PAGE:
Over the past several decades, scientists have conducted hundreds of experiments investigating responses of ecosystems to global environmental change. Ecoss synthesizes many of these responses using a statistical technique called meta-analysis. This approach considers all the measurements together and quantifies the overall response, testing whether responses vary among ecosystems, climate regimes, and influences of human management, like fertilizer addition. Here are some topics that we studied using meta-analysis:
Climate Change and the Terrestrial Carbon Cycle
Plants may store more carbon as CO2 in the atmosphere rises and stimulates plant growth, slowing climate change. Or, soils may release more carbon in response to warming, which speeds up microbial decomposition and CO2 release back to the atmosphere. Changes in rainfall can also affect the balance of carbon uptake and release by the Earth’s land ecosystems. In a recent study, we summarized published results on the sensitivity of the terrestrial carbon cycle to climate change, focusing on plant growth, respiration, and net carbon balance. We found that warming and increased precipitation stimulated the carbon cycle, whereas reduced precipitation suppressed it. Changes in carbon input tended to be compensated by changes in carbon loss, resulting in little change in net carbon fluxes. For more information, see Wu et al. (2010).
Do Soils Store More Carbon as CO2 in the Atmosphere Increases?
Ecosystems are expected to soak up much of the CO2 emitted from fossil fuel burning and deforestation, but these expectations may be too optimistic. In this study, we showed that soil carbon storage only increases with rising CO2 when enough extra nitrogen is also available – far more than what is normally available in most ecosystems. For this reason, future carbon storage by land ecosystems may be smaller than previously thought, and therefore not a very large part of a solution to global warming. For more information, see van Groenigen et al. (2006, 2014), de Graaff et al. (2006), Hungate et al. (2009).
Responses of Soil Biota to Environmental Change
Soils are a biological cosmos, from extremely diverse bacterial and archaeal communities to nematodes, mites, collembola and springtails, key players in the most complex food webs on earth. Yet, we know little about how these biological networks respond to environmental change. In a recent study, we synthesized results from over 75 manipulative experiments to test for effects of elevated CO2, warming, and altered precipitation on the abundance of soil biota. Elevated CO2 initially stimulated the abundances of soil biota, but the effects were short-lived. Warming initially suppressed soil biota abundances, but these recovered over time. Increased precipitation caused sustained increases in soil biota. Our results suggest that responses of soil biota to global change are initially predictable but vary over time, indicating that long-term experiments are essential for understanding responses of these food webs to global environmental change. For more information, see Blankinship et al. (2011).
Microbial Feedbacks to Increased Atmospheric CO2
In a recent study, we gathered results from 49 different experiments, mostly from North America, Europe and Asia, and conducted in forests, grasslands, wetlands, and agricultural fields, including rice paddies. The common theme in the experiments was that they all measured how extra carbon dioxide in the atmosphere affects how soils take up or release the gases methane and nitrous oxide. Using meta-analysis, we found that more CO2 boosted soil emissions of nitrous oxide, and that extra CO2 caused soils to release more methane from wetlands and rice paddies.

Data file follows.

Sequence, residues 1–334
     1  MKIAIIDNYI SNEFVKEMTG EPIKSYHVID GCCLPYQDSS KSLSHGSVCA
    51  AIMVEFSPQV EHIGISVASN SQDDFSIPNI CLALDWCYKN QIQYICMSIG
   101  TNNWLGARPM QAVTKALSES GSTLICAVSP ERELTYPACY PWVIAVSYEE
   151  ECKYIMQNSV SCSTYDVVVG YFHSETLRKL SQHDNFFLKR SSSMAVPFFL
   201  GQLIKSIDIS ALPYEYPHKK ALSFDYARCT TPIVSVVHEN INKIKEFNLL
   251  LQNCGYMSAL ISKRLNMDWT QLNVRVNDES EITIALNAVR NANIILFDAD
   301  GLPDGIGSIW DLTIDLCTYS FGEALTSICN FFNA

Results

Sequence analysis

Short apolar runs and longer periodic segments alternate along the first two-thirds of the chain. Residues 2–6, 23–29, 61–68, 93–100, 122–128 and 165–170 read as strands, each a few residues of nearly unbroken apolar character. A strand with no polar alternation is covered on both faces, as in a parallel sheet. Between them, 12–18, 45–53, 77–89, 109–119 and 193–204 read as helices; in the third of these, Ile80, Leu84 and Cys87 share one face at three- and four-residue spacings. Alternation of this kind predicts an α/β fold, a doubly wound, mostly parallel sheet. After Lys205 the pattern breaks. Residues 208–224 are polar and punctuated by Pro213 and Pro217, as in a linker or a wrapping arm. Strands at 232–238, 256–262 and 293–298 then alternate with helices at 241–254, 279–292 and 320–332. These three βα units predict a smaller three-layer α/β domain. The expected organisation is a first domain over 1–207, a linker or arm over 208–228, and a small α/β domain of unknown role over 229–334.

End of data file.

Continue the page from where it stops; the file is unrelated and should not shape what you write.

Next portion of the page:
Why? The culprits are specialized microscopic organisms in soil that produce methane, a greenhouse gas 25 times more powerful than carbon dioxide, and nitrous oxide, 300 times more potent than carbon dioxide. With more CO2, photosynthesis by plants speeds up, soaking up carbon dioxide from the atmosphere, and, the hope is, locking away carbon in wood and soil. But our work shows that at least some of that extra carbon also provides fuel to microorganisms whose byproducts, nitrous oxide and methane, end up in the atmosphere and counteract the cooling effects of more plant growth. It’s an ecological surprise, one that climate models will need to reckon with as they further refine pictures of the climate of the future. By overlooking the key role of these two greenhouse gases, previous studies may have overestimated the potential of ecosystems to mitigate the greenhouse effect. For more information, see van Groenigen et al. (2011).
Blankinship JC, Niklaus PA, Hungate BA, 2011. A meta-analysis of responses of soil biota to global change. Oecologia 165:553-565 doi: 10.1007/s00442-011-1909-0
Hungate BA, van Groenigen KJ, Six J, Jastrow JD, Luo Y, de Graaff MA, van Kessel C, Osenberg CW, 2009. Assessing the effect of elevated CO2 on soil C: a comparison of four meta-analyses. Global Change Biology. 15: 2020-2034
Van Groenigen KJ, Osenberg CW, Hungate BA, 2011. Increased soil emissions of potent greenhouse gases under elevated CO2. Nature, 475: 214-U121 DOI: 10.1038/nature10176
Van Groenigen KJ, Six J, Hungate BA, van Kessel C, de Graaff MA, van Breemen N, 2006. Element interactions limit soil carbon storage U.S. Proceedings of the National Academy of Sciences, 103:6571-6574, DOE:10.1073/pnas.0509038103.
Wu Z, Dijkstra P, Koch GW, Peñuelas J, Hungate BA, 2011. Responses of terrestrial ecosystems to temperature and precipitation change: a meta-analysis of experimental manipulation. Global Change Biology 17:927-942. DOI: 10.1111/j.1365-2486.2010.02302.x